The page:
is that I have this tendency (which I’ve seen in friends, too) to assume the good things I do are in some way a product of mild mental unwellness.
I am a motivated person who does lots of things!…probably because I am compensating for unconscious feelings of scarcity and fear of dying young.
I don’t mind spending time alone!…probably because I was a lonely child and sometimes have panic attacks if I think people don’t like me.
I love doing really difficult exercise programs!…probably because I was unhealthily overweight for most of my life and have unconscious body image issues.
I can’t deny there’s an element (a tiny, subatomic element) of truth in those ideas.
But I’ll tell ya what, y’all: I friggin’ call b.s.
This sort of self-deprecation (if that’s what it is) is such a thief of joy, I think. I refuse to believe that we should value our insecurities more than our ambitions.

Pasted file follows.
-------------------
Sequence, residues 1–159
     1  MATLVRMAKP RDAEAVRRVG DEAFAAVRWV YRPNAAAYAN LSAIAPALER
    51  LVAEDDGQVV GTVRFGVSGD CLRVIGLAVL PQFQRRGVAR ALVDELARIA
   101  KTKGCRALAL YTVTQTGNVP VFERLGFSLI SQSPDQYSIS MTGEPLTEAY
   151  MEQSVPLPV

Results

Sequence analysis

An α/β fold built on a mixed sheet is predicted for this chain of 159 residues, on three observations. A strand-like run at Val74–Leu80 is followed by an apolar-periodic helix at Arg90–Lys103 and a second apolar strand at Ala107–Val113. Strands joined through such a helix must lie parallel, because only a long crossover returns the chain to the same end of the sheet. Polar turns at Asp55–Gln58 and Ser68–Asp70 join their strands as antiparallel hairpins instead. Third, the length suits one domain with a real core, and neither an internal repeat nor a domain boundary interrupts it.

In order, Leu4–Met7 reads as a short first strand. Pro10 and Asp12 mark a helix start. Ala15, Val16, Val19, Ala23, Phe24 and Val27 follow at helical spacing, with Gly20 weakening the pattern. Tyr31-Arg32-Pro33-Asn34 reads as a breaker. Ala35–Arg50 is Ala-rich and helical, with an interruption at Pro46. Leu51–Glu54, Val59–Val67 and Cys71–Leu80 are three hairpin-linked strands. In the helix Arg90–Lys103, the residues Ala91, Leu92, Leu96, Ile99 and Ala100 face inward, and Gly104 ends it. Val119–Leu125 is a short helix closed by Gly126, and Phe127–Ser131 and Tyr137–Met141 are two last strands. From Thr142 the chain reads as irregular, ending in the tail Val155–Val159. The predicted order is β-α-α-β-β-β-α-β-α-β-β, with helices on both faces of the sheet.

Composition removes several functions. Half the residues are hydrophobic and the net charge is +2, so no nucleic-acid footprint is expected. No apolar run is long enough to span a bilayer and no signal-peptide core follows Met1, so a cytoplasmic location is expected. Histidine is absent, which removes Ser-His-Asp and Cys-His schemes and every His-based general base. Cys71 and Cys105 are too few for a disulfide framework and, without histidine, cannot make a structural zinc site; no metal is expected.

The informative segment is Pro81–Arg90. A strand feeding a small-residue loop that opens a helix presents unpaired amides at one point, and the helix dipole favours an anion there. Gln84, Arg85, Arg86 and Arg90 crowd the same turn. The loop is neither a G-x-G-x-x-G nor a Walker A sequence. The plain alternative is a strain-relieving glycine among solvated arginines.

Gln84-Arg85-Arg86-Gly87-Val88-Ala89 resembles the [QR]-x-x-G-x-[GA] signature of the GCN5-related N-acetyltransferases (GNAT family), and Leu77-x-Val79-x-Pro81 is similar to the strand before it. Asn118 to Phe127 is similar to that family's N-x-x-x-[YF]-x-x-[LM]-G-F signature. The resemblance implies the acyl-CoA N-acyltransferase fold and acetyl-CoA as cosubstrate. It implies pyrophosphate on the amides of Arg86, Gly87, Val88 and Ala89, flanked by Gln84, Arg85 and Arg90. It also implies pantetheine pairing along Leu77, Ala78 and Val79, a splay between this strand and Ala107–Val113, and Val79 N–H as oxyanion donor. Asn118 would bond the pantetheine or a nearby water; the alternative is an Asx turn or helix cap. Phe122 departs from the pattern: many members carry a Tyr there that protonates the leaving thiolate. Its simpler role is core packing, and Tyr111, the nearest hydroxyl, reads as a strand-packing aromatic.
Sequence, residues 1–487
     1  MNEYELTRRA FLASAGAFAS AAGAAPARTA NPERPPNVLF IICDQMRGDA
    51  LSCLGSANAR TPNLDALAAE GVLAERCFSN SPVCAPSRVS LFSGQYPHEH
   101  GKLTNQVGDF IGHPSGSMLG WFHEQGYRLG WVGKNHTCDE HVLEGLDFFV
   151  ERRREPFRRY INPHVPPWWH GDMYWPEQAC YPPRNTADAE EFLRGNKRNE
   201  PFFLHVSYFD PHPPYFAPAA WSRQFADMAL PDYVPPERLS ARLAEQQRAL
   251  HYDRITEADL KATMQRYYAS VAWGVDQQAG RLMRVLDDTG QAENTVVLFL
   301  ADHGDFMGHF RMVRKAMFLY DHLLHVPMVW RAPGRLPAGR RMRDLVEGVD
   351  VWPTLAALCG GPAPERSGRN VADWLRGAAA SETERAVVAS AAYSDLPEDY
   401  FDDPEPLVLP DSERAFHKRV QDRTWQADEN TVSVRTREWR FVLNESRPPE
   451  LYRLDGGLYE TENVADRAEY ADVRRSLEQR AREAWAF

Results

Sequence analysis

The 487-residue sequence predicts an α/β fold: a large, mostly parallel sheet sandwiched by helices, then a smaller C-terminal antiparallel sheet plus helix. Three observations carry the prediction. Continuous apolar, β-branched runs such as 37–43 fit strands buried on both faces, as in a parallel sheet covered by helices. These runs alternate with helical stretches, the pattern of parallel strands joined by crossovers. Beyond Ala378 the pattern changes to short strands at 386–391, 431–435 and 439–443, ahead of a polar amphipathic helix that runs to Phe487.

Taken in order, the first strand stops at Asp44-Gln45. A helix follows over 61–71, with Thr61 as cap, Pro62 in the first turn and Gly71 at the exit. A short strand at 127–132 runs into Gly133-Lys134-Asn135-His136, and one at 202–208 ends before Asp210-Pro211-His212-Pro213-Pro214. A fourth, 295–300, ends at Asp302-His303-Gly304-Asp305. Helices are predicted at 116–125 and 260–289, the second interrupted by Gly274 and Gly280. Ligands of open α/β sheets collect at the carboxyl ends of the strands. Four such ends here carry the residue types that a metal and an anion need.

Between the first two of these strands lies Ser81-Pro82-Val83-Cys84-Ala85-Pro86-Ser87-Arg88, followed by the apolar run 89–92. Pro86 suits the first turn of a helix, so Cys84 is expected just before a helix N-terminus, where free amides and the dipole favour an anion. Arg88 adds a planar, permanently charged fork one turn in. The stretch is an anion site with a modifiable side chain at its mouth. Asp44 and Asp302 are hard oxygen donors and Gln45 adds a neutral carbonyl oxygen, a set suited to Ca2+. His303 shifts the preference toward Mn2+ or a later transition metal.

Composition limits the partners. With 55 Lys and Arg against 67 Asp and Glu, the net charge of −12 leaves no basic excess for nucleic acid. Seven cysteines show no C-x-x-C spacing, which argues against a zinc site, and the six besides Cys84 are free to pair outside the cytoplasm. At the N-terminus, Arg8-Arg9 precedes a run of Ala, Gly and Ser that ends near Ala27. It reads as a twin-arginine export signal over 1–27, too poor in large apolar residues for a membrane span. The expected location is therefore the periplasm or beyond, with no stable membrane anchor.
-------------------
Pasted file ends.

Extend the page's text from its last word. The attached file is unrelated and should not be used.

We are more than the sum of our neuroses and contradictions.
Goodness is not always (or even often) a compensation for something ugly and low. It’s so strange how often we think (we includes me) that the most negative criticism is the most honest one.
At some point, cynicism and ironic despair became fashionable. Those qualities seem more “adult” sometimes, frankly. And God knows I am as attracted to them as anyone.
But as I get older, I’m just so much more interested in being a celebrator than a critic — of myself and anyone else.
I’ve said it before and I’ll say it again: Adulthood isn’t something that happens to you; it’s something you make. That’s the wonder and terror of it. That’s the power of it.
Let’s celebrate it, okay? Let’s focus less on the shadow and more on the light that cast it.
< /rant >